hung from one of its larger branches like a rag doll, dangling from two iron
picks that perforated through each side of the clavicles since the head was
missing. The body was pulled spread-eagle like, with cords holding the limbs
out. Blood had dripped from the corpse to puddle on the earth below near the
base of the tree.

pace slowing, I swallowed hard and moved closer for a better view. Inside the
yellow tape area were two men and a woman of the forensics team in their
signature white papery-plastic suits, taking pictures and dropping evidence
into separate plastic bags.

bundle lay at the base of the tree with dark hair—the victim’s head. The body
was completely naked, female, and Caucasian by the light coloring of the blood-soaked
skin. The soft skin of her belly was torn open, and markings were carved into
her chest. They looked like letters. Words maybe? Whatever they said was
important. But I couldn’t make it out from where I was standing. I needed to
get closer.

young, uniformed cop was ushering two joggers—by the looks of their tight, Spandex-like
outfits—away from the crime scene. Beads of sweat trickled down his brow, and the
whites of his eyes showed. He looked like he’d rather be anywhere but near the
body. He caught me standing near the yellow tape and made a beeline for me.

is a crime scene. You need to leave,” he said, looking a little pale, and my
nose wrinkled at the stench of strong, male perspiration he was giving off.

pegged him for a rookie, probably never saw a dead, decapitated body before. Amateur.

was asked to come here,” I said, irritation flowing in my tone. I cocked an
eyebrow. “A Detective Walsh? He’s expecting me.”

called a man’s voice. The young cop and I turned as the man lifted the yellow
tape and trudged towards me. “Are you Rowyn Sinclair? Father Thomas’s friend?
The occult specialist?”

Occult specialist. “Yes, that’s right,” I
answered, giving the man a tight smile. It’s not like I could tell him I wasn’t
human, and I killed demons for a living. Or that I was absolutely ruthless at
tracking them down. Occult specialist sounded... smart, educated, and very much
like a real profession. Well, at
least to the human population. And I liked it.

Walsh was of average height and balding with a round face and a short fat nose.
His jacket was creased, and there were food stains on his white shirt. His NYPD
detective badge hung around his belt, barely noticeable under his protruding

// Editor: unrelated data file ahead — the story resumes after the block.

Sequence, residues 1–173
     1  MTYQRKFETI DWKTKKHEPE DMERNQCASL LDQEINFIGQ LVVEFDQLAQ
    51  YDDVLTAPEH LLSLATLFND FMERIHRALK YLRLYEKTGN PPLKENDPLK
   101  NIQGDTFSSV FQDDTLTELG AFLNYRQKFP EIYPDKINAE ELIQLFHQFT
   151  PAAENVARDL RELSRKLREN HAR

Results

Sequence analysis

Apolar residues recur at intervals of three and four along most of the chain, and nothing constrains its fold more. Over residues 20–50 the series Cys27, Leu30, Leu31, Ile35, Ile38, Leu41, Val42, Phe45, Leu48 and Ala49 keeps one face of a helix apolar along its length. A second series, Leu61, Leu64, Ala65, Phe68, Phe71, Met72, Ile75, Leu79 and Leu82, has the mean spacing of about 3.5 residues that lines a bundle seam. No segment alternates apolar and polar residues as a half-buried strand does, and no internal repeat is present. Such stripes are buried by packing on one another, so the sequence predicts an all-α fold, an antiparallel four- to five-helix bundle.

beady eyes rolled over me. “You’re
the occult specialist?”

scowled, not liking his tone. “What?” I asked, getting a little more annoyed.
“You want to see my ID?” All I had was my driver’s license and an old gym
membership card.

shook his head. “No, it’s fine,” he answered but the scowl on his face said
otherwise. “I just didn’t expect you to be so young.”

younger than you. That’s for sure,” I said. My eyes lingered on the weapon
holstered on his hip, reminding me how much I wished I hadn’t lost my death
blade in a fight with some leprechauns. “But I promise you, I have more
experience in the occult than anyone else here in New York City. And the best
rates. If you don’t want my help—”

do,” rushed Detective Walsh. “I trust Father Thomas, and he said you’re the

“I am
the best,” I repeated, grinning. I loved that priest.

He seemed
slightly displeased at my smiling face. “He said you could shed some light on
this,” he raked his short, fat fingers through his barely-there hair. “Help us
with this case.”

do my best.” It was the truth, but there was only so much of the truth I could
tell this detective. “Have there been other bodies... more like this?
Decapitated? Strung up on display like that?”

had a few cases in the past with some decapitated cats,” answered the
detective. “Strange symbols carved into trees. Small stuff.”

didn’t agree with that.

detective let out a long breath. “But not one like this. I’ll take all the help
I can get to catch this killer.” Detective Walsh stuck out his hand. “Thank you
for coming, Ms. Sinclair.”

pulse quickened as we shook hands, and I was surprised to find his to be silky
smooth like the hands of a banker. I could tell by his expression that he’d
felt the calluses on my hands. Yes. I
used my hands for a living.

take it this is the first time you’ve hired someone like me. Right?” Humans
were so clueless.

Walsh’s face went slack and he looked away, the barest hint of trouble crossing
him. “I’ve worked a few cases with clairvoyants. Missing children’s cases.” His
eyes met mine. “It never amounted to anything. A waste of good resources.”

raised my brows. “A skeptic.”

work with what’s in front of me,” said the detective. “I don’t believe in the
hocus pocus.”

pocus?” I said, frowning. What a douche.

detective looked uncomfortable. “You know what I mean.”

I waved my hands around. “Hocus pocus. I get it.” He obviously didn’t believe
in the paranormal. So what the hell was I doing here? I didn’t track crazy-ass
serial killers. I tracked demons. Why had Father Thomas sent me here?

uncomfortable silence settled in, and my anger welled.

detective was watching me again with his beady eyes. “I’ll take it from here,” he